Ginkakuji wooden temple in the autumn

Kyoto

Whoosh into Kyoto’s futuristic central station on the bullet train and you’ll be greeted by karaoke bars and concrete, not Zen gardens and mysterious shrines. But don’t let that fool you.

For over a millennium Kyoto was the capital of Japan, and during the long peace of the Edo Period its courtiers had little to do but make art, build buildings, and philosophise. It was during this flowering that traditional Japanese culture matured, leaving Kyoto with 1,600 shrines, temples, palaces and gardens charting the evolution of design from the 10th to the 19th century. Written down those may seem like dry facts, but in a way, Kyoto is at the heart of what it means to be Japanese.

Pad through the corridors of Nijo Castle and you’re just the latest of generations of feet who’ve worn these floorboards smooth. Browse the dried seafood and pickled vegetables at Nishiki Market and you’re part of a scene that’s barely changed in 400 years.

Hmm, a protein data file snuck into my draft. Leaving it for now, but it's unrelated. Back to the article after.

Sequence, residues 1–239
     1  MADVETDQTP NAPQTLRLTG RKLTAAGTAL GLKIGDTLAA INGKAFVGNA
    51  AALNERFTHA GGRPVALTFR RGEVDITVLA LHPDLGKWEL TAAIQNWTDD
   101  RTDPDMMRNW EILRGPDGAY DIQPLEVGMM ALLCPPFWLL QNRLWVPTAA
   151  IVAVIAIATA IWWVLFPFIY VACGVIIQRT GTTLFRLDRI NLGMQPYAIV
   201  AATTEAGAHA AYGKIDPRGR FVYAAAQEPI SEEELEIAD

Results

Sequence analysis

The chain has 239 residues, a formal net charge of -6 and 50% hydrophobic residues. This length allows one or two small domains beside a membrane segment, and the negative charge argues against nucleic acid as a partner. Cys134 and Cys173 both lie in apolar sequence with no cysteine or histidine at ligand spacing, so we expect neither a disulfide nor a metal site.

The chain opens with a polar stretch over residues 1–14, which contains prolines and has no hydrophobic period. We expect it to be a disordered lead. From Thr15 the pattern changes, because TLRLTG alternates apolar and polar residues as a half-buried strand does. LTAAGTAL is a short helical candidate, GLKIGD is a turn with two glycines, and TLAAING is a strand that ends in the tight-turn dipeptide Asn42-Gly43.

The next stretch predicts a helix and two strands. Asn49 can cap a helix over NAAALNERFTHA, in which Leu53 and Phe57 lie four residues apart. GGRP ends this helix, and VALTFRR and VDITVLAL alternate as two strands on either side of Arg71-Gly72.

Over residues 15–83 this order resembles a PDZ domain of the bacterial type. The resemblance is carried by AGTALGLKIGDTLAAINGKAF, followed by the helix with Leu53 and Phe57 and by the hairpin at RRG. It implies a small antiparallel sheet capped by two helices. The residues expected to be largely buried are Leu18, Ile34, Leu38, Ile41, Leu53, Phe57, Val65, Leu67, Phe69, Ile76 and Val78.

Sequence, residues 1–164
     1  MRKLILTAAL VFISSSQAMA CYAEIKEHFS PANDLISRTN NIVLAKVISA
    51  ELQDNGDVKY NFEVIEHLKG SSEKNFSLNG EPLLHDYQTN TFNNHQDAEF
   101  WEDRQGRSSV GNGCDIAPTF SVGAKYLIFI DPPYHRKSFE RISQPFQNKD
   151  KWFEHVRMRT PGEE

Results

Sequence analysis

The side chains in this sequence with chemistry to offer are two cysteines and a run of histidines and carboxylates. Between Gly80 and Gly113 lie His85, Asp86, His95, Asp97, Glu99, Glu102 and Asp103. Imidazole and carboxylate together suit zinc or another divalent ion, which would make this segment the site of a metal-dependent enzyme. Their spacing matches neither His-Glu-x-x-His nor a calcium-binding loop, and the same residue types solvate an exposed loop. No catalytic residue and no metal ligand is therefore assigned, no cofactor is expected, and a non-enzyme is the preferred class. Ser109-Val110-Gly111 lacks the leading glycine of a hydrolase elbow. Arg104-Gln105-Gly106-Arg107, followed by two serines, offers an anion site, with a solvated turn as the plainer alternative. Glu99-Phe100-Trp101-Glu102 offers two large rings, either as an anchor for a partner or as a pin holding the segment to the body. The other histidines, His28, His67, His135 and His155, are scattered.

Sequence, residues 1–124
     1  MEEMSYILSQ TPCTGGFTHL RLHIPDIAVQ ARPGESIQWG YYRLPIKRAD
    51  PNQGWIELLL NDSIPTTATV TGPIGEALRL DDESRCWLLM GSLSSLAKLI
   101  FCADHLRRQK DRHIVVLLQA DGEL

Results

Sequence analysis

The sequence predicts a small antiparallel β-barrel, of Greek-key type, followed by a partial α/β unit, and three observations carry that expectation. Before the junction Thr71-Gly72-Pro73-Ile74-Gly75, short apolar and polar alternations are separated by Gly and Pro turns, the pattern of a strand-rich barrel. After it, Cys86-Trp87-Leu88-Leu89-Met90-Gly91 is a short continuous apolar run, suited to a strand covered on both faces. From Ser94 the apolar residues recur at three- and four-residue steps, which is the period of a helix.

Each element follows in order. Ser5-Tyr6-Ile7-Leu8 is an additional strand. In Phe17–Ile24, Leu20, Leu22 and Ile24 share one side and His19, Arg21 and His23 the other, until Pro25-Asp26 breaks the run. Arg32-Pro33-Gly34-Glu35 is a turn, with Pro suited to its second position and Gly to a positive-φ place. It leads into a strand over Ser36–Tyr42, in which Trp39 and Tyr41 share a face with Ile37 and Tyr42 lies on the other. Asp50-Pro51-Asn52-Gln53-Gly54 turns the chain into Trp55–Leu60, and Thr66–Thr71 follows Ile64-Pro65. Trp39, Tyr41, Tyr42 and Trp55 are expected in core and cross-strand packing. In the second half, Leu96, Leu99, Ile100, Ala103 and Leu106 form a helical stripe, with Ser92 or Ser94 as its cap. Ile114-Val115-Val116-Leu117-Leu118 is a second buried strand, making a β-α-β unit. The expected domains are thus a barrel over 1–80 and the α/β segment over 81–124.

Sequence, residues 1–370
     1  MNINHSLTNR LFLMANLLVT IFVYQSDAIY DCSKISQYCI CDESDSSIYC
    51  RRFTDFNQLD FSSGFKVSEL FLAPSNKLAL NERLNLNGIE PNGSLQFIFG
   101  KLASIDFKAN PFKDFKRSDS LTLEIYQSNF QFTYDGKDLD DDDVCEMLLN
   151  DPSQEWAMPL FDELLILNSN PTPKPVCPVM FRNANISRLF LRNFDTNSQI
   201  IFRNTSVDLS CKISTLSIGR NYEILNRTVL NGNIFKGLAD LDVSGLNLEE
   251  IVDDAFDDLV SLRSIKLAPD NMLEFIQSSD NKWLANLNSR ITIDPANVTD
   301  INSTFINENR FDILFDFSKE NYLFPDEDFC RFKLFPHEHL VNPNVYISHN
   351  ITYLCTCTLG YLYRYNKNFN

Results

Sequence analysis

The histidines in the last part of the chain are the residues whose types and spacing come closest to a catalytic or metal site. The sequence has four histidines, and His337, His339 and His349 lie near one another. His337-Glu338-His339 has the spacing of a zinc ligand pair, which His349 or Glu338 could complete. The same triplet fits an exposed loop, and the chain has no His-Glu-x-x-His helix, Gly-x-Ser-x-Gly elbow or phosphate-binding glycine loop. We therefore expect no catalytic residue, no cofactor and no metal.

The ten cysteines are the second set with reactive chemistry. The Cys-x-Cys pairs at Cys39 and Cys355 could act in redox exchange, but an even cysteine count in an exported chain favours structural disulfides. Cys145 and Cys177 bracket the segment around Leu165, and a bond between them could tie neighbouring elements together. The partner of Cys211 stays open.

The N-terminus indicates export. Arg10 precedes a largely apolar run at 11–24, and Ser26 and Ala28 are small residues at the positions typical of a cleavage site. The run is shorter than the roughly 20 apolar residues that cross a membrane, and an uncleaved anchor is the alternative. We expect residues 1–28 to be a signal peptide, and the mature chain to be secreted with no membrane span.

It can be hard to transport yourself back in time when you’re lost in the crowd (Kyoto welcomed almost 90 million visitors in 2019 alone), but almost all of those crowds get sucked in by Kyoto’s top 20 temples, leaving the other 1,580 almost unbelievably quiet. Just walk under the mossy, thatched gate of Honen-in and you could almost be entering a different world.

There are other places in Japan to feel lost in a time warp. That’s not Kyoto. This is where it all happened — where culture was formed and traditions codified — and Kyoto is still very much happening today.

Connects with

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